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evaluating the alternating harmonic series

27 May 2015

Here’s a fun little note I just found while organizing my desk. I came up with this proof during a class on infinite series last summer.

In that class, the professor mentioned the limit of the alternating harmonic series, then commented offhand that “this limit is true, but we cannot prove it yet.” Never one to shy from a challenge, I decided to see whether he was right. By the end of class I had roughly this proof scrawled on a piece of paper. He suggested that I try to publish it, but that didn’t pan out (long story). Nevertheless, it’s a fun proof, and I wasn’t able to find it anywhere online, so I thought I’d share it here.

First off: the alternating harmonic series is defined as

\[\sum_{i=1}^{\infty} \frac{-1^{i-1}}{i} = 1 - \frac{1}{2} + \frac{1}{3} - \frac{1}{4} + \frac{1}{5} - \ldots\]

which, of course, is just the harmonic series with the sign of every other term flipped.

It is well known that the harmonic series diverges. Slightly less well known is that the alternating harmonic series converges to a very clean limit. Strangely enough, this limit turns out to be \(\ln 2\).

This fact, if it comes up, is usually proved just as a trivial consequence of the Euler-Mascheroni constant’s most common identity. Not only is that proof beyond the reach of many undergrads, it’s also so trivial as to border on inane.

It’s like using a sledgehammer to pound in a nail: of course it works, but the result would look a lot nicer if you used a hammer instead.

Consider the following series:

\[a_n = \sum_{n+1}^{2n} \frac{1}{n}\]

The first few terms of this sequence are,

\[\begin{align} a_1 &= \frac{1}{2} \\ a_2 &= \frac{1}{3} + \frac{1}{4} \\ a_3 &= \frac{1}{4} + \frac{1}{5} + \frac{1}{6} \\ a_4 &= \frac{1}{5} + \frac{1}{6} + \frac{1}{7} + \frac{1}{8} \end{align}\]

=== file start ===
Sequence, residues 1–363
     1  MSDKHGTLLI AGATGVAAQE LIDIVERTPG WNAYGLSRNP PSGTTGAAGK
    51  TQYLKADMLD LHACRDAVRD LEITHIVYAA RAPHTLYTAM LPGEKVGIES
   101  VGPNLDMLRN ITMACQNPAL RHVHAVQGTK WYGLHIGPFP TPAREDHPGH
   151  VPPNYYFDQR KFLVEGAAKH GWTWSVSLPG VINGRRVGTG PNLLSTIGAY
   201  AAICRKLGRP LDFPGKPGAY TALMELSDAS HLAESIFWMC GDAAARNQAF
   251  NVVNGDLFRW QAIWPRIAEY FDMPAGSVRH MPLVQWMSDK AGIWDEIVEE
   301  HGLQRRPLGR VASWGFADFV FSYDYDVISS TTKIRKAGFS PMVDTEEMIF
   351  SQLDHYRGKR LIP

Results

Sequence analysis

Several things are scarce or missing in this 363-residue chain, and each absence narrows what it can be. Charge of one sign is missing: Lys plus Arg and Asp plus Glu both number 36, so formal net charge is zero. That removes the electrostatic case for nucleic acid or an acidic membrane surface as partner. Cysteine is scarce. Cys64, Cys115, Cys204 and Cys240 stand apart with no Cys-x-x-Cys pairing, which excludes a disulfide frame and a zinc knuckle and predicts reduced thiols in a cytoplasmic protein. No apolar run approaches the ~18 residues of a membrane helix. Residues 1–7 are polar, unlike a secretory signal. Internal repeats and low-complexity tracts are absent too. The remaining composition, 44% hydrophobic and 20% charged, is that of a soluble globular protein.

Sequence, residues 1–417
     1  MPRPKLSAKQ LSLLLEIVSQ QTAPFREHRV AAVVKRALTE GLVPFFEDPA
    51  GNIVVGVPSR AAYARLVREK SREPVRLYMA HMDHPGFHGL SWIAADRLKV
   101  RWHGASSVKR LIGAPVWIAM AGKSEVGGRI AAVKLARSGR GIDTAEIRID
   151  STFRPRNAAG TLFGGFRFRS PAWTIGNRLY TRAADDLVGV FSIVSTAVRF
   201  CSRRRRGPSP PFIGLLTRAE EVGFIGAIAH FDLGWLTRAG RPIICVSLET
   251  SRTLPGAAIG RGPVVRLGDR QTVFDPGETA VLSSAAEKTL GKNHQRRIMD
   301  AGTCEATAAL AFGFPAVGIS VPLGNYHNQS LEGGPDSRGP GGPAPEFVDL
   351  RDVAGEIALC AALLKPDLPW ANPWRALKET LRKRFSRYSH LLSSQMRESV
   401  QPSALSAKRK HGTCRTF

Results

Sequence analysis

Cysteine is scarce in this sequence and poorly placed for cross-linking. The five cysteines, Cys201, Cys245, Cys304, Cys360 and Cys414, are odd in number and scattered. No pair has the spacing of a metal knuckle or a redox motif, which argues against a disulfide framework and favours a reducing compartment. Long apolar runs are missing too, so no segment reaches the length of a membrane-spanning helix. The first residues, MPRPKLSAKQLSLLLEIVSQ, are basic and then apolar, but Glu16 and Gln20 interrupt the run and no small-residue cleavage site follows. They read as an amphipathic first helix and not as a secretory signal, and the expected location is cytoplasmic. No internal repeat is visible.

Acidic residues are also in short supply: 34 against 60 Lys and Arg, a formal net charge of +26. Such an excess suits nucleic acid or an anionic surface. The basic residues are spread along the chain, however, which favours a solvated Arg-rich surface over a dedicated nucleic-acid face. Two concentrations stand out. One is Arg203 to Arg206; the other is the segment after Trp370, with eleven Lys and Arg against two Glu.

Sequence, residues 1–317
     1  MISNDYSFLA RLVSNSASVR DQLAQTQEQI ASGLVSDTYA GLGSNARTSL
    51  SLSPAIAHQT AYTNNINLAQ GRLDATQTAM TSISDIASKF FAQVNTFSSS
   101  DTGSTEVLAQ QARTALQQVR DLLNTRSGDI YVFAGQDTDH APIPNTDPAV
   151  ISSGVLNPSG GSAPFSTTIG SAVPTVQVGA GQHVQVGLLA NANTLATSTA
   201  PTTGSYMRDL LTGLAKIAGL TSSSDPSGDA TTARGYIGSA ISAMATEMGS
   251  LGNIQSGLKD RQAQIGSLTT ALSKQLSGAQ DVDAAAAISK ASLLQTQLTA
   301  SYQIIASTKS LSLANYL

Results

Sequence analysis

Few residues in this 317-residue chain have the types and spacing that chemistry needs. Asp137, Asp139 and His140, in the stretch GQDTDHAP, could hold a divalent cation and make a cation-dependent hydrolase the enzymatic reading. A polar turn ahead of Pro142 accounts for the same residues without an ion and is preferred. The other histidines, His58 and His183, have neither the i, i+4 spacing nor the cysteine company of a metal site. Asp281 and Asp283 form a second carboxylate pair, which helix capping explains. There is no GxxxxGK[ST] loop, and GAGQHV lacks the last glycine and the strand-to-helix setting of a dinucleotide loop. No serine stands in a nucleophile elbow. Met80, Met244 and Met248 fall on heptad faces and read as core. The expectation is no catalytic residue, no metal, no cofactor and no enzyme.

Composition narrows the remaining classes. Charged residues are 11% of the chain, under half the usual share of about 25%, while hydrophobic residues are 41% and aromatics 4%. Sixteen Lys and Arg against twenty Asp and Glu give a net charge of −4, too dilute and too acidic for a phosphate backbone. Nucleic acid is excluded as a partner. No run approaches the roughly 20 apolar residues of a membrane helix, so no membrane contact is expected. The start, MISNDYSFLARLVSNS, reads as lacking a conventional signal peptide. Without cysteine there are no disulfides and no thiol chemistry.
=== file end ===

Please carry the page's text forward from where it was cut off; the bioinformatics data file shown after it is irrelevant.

It turns out that the limit of this series as n goes to infinity is also \(ln 2\), which is kind of a cool result in its own right. Proof sketch: Consider successive Riemann sums of the definite integral from 1 to 2 of 1/x.

Convinced? Great. Now then: let’s do a little algebra with this sequence. Check out how nicely it telescopes down:

\[\begin{align} a_n - a_{n-1} &= (\frac{1}{n+1} + \ldots + \frac{1}{2n}) - (\frac{1}{n} + \ldots + \frac{1}{2n-2}) \\ &= \frac{1}{2n-1} + \frac{1}{2n} - \frac{1}{n} \\ &= \frac{1}{(2n-1)(2n)} \end{align}\]

This gives us the difference between subsequent terms in the sequence. We know the first term, too, so let’s stick the two together:

\[\begin{align} a_n - a_{n-1} &= \frac{1}{(2n-1)(2n)} \\ a_n &= a_{n-1} + \frac{1}{(2n-1)(2n)} \\ a_1 &= \frac{1}{2} = \frac{1}{(2 \cdot 1 - 1)(2 \cdot 1)} \\ \therefore a_n &= \sum_{k=1}^{n} \frac{1}{(2 \cdot k - 1)(2k)} \end{align}\]

This is a central result in the proof. In fact, we’re almost done. Let’s turn our attention back to the alternating harmonic series for a second. Consider its partial sums, which we’ll denote by \(S\) subscripted with the number of terms in the sum. So, for example:

\[\begin{align} S_1 &= 1 \\ S_2 &= 1 - \frac{1}{2} \\ S_3 &= 1 - \frac{1}{2} + \frac{1}{3} \\ S_4 &= 1 - \frac{1}{2} + \frac{1}{3} - \frac{1}{4} \\ \end{align}\]

Notice that as the subscript grows, the difference between subsequent terms diminishes, and in fact it (of course) goes to zero in the limit. Because of this, in order to prove the limit of this series of partial sums, it would suffice to establish the limit only for terms with either even or odd subscripts. I’ve got a good feeling about the even ones.

Let’s start by matching even sums’ terms up into pairs, like so:

\[S_6 = (1 - \frac{1}{2}) + (\frac{1}{3} - \frac{1}{4}) + (\frac{1}{5} - \frac{1}{6})\]

This pattern generalizes and simplifies as follows:

\[\begin{align} S_{2n} &= \sum_{k=1}^n (\frac{1}{2k-1} - \frac{1}{2k}) \\ &= \sum_{k=1}^n \frac{1}{(2k-1)(2k)} \\ &= a_n \\ \therefore \lim_{n \to \infty} S_{2n} &= \lim_{n \to \infty} a_n = \ln 2 \end{align}\]

And that’s it! Certain steps here could also have been established mechanically by induction, but look at this – there really is something nice about the direct proof, isn’t there?